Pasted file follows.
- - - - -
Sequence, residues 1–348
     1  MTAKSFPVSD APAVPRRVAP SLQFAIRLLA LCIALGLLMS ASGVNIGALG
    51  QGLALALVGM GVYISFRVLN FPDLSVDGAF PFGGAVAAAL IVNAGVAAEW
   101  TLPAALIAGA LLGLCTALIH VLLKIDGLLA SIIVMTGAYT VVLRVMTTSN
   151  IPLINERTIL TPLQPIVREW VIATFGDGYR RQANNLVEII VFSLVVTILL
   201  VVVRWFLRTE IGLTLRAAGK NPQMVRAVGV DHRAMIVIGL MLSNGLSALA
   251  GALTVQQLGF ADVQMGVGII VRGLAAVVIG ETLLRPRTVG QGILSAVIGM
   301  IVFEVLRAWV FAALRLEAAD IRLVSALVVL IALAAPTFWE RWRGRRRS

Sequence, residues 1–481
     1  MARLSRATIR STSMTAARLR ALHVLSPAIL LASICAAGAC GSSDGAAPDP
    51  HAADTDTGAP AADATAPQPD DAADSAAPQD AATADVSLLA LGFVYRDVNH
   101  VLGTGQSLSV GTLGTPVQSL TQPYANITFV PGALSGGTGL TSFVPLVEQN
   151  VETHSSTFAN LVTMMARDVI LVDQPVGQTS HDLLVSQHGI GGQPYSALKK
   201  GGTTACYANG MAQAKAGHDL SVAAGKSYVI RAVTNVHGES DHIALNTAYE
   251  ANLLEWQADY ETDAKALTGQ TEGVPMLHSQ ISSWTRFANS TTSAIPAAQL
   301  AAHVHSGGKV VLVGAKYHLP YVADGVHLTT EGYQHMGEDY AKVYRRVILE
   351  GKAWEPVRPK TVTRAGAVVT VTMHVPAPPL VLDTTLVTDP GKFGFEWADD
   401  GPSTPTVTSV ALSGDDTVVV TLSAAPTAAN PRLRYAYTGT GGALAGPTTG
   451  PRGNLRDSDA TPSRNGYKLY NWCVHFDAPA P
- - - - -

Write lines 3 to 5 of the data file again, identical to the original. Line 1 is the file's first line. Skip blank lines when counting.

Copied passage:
    51  QGLALALVGM GVYISFRVLN FPDLSVDGAF PFGGAVAAAL IVNAGVAAEW
   101  TLPAALIAGA LLGLCTALIH VLLKIDGLLA SIIVMTGAYT VVLRVMTTSN
   151  IPLINERTIL TPLQPIVREW VIATFGDGYR RQANNLVEII VFSLVVTILL